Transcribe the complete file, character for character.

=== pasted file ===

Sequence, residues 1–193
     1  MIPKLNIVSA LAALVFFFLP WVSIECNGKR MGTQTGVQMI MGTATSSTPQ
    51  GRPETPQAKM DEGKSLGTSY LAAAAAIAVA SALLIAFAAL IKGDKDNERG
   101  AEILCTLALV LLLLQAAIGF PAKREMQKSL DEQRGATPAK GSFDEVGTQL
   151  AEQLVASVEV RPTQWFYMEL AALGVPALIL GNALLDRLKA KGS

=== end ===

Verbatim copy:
Sequence, residues 1–193
     1  MIPKLNIVSA LAALVFFFLP WVSIECNGKR MGTQTGVQMI MGTATSSTPQ
    51  GRPETPQAKM DEGKSLGTSY LAAAAAIAVA SALLIAFAAL IKGDKDNERG
   101  AEILCTLALV LLLLQAAIGF PAKREMQKSL DEQRGATPAK GSFDEVGTQL
   151  AEQLVASVEV RPTQWFYMEL AALGVPALIL GNALLDRLKA KGS